Thanks to Mrs. Essence and ME for the thoroughly enjoyable sessions.

07 September, 2012

2012 Pu-erh.sk "Bada"

It's not often that I drink a tea and then sprint upstairs to the computer to buy some.

Batten down the hatches and ready yourself, gentle Reader, for a force-nine gale of uncomfortably humid hyperbole...

2012 Pu-erh.sk Bada

I've been a quiet fan of Pu-erh.sk since Peter, the owner, was kind enough to send me samples of a range of cakes that had sold out ages ago, such was their popularity.  His productions have become popular, and rightly so.  I missed the party, entirely, because his web-site was a howling wasteland of nothingness where once there were cakes for sale.  In my article on his 2011 Bada cake, I wrote "I hope that he makes more cakes in 2012; I'll be hovering around the web-site like a moth attracted to a bright light."  

The lights are on again!

2012 Pu-erh.sk Bada

I liken Peter and his cakes to the dealer of dodgy substances that is confident in the addictive quality of his wares.  "The first hit is always free."  My first hit came in the unassuming little brown packet pictured above.

Go on.  Try ussssssss.

2012 Pu-erh.sk Bada

The leaves of all Peter's cakes are quite fragmented, as shown above.  Of all of his 2012 productions, the Bada leaves are the smallest, and the tippiest.  The scent is very fresh, very sweet, and, predictably, as grassy as Badashan leaves usually turn out to be.

"What an unexpectedly charming aroma this Badashan cake has!" I wrote to myself.  It is amazing in its complexity, passing from sweet grass, to gentle candy, to rich butter.  It is a most engaging progression.

Likewise, the first infusion is really rather special, packing in all of the sensations for which you would hope (thick soup, huigan, endurance, vibrancy) along with a slug of complex compounds that mix grass, flowers, butter, and all of the other transients that age, and infusions, will soon wear away.

2012 Pu-erh.sk Bada

The cooling sensation of the soup even penetrates under the lips and around the gums, eventually numbing my tongue.  This sounds dreadful, perhaps.

I brew this cake into the ground, pushing it to infusion after infusion, and am rewarded by a consistency of dense sweetness that is quite remarkable.  We must be wary of first infusions, with their transient charms.  The sixth-through-tenth infusions in a young tea are really what separate the men from the boys, and indicate the potential for aging, I believe.  Certainly, the cakes that are turning out to age the best for me are those that could be pushed (and remained solid for) large numbers of infusions.  Conversely, if a tea falls apart after repeated brews, then it may not well last under the action of the years.  I wouldn't like to make proclaimations on aging, but merely report my experience.  Naturally, there are exceptions, but the correlation is statistically significant - if my small sample size could be considered so.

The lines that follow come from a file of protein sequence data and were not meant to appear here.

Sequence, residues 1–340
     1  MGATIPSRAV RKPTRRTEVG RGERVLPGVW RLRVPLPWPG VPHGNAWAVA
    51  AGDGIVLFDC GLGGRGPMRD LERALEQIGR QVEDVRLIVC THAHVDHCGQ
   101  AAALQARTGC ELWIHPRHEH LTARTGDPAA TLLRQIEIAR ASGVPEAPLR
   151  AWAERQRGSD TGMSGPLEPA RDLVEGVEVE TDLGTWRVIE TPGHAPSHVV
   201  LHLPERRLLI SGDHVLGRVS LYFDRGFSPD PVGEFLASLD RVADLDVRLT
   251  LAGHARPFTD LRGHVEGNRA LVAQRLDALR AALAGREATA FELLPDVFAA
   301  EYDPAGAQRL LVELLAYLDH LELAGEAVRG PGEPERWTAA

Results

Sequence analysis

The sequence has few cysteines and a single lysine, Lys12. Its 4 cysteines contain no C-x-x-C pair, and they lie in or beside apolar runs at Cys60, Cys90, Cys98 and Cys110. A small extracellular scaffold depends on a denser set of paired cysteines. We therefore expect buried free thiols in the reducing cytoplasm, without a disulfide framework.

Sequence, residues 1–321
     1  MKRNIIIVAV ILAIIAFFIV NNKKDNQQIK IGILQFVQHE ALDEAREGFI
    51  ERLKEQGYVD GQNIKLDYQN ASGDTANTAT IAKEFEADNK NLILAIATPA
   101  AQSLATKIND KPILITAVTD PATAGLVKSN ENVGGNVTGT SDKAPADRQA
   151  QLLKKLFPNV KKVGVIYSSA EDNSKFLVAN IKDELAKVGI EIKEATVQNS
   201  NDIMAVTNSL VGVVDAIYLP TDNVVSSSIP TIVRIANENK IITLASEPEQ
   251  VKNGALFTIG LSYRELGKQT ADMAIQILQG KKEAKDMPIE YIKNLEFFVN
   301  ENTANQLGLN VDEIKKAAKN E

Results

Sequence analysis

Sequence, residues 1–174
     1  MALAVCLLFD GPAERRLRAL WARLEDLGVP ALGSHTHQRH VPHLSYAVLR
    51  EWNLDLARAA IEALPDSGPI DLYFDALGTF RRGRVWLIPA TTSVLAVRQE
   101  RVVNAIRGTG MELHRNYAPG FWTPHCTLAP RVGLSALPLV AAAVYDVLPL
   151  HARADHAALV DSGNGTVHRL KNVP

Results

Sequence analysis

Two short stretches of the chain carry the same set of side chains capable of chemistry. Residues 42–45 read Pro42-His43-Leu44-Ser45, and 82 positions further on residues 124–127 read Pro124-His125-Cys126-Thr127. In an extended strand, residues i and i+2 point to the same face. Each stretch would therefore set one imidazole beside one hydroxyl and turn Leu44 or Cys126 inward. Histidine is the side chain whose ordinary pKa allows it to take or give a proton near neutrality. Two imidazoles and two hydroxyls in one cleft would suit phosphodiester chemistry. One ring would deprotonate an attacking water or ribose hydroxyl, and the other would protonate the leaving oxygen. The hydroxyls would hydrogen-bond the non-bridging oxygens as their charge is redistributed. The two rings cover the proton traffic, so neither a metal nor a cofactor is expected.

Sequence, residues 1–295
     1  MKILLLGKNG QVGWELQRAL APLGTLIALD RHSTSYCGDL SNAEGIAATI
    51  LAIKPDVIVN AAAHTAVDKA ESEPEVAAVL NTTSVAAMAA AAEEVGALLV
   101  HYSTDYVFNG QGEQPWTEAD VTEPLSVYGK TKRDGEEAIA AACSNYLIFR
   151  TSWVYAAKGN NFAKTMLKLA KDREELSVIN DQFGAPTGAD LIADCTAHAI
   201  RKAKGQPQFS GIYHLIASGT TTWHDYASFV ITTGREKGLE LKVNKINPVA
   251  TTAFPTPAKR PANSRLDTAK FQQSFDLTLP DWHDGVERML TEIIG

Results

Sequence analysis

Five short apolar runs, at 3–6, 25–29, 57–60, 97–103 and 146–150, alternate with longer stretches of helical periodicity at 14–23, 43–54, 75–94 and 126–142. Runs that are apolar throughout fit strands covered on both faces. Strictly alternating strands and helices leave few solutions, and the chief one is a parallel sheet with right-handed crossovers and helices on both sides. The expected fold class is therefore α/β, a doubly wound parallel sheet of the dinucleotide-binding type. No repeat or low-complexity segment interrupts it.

2012 Pu-erh.sk Bada

I was left exceedingly happy with this little cake.  It is easily the best of the 2012 cakes that I have tried to date (including several that I haven't yet written about), and can heartily recommend it to you for at least a sample.  I notice from Peter's web-site that you can buy 10g or 50g subsections, which is a very sociable alternative.

Before we leave it at that, I should add that it appears I have rather come to like Badashan cakes.  I believe that there is something of Stockholm syndrome occurring here: for many months, a number of years back, all of my tea was in storage while our house was renovated.  I was only able to drink a Menghai "classic" cake, in my office, which happened to be from Badashan.  I abhored it at the time, as one would after drinking something mainstream exclusively for many months.  However, I notice that I have come to love that which held me captive against my will for so long.  Therefore, if Bada cakes are not your thing, then you're probably not going to like this.  It is a great cake in its own right, but, if you like Bada cakes, then you're in for a real treat.

I hope the postman hurries.  I might make this tong the "birth tea" for our expected baby, depending on the cake's progress.

05 September, 2012

When Rain Turns to Snow

Frosty Firethorn

when rain
turns to snow
wife with child

02 September, 2012

2011 Mengku Jinqiao "Xiaoyangchun", 2005 Jinuoshan "Taiyanggu"

Being a junior academic is a lot of work.  Specifically, attempting to get tenured is a lot of work.  It's like pulling teeth, and about as painful.  It is a siege that seemingly has no end.  Sieges are never very comfortable, both for the siegers and the siegees.  I'm still undergoing this particular siege myself; I may or may not be getting closer to the goal.  Time will tell. 

This agonising process is made all the more intricate by the Byzantine nature of the university that employs me and my dear wife.  I won't bore you with the details of the bizarre structure, which is the result of a long period of (very) gradual evolution.  Suffice to say that, if you want to achieve something, you need to be ready to engage in what Bismarck termed "the art of the possible".